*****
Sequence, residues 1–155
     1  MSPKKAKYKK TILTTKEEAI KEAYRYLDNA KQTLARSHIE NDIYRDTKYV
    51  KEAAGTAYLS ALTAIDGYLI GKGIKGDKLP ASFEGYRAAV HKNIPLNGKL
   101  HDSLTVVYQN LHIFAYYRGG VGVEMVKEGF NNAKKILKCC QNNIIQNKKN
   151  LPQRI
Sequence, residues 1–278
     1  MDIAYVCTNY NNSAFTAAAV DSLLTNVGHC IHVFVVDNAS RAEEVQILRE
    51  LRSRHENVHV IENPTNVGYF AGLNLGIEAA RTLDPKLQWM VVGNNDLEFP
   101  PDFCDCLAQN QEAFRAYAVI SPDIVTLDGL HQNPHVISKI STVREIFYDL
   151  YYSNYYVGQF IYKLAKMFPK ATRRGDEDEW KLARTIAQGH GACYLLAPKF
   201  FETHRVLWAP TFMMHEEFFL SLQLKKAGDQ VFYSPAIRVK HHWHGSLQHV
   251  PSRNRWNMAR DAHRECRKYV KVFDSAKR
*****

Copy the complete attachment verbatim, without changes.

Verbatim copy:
Sequence, residues 1–155
     1  MSPKKAKYKK TILTTKEEAI KEAYRYLDNA KQTLARSHIE NDIYRDTKYV
    51  KEAAGTAYLS ALTAIDGYLI GKGIKGDKLP ASFEGYRAAV HKNIPLNGKL
   101  HDSLTVVYQN LHIFAYYRGG VGVEMVKEGF NNAKKILKCC QNNIIQNKKN
   151  LPQRI
Sequence, residues 1–278
     1  MDIAYVCTNY NNSAFTAAAV DSLLTNVGHC IHVFVVDNAS RAEEVQILRE
    51  LRSRHENVHV IENPTNVGYF AGLNLGIEAA RTLDPKLQWM VVGNNDLEFP
   101  PDFCDCLAQN QEAFRAYAVI SPDIVTLDGL HQNPHVISKI STVREIFYDL
   151  YYSNYYVGQF IYKLAKMFPK ATRRGDEDEW KLARTIAQGH GACYLLAPKF
   201  FETHRVLWAP TFMMHEEFFL SLQLKKAGDQ VFYSPAIRVK HHWHGSLQHV
   251  PSRNRWNMAR DAHRECRKYV KVFDSAKR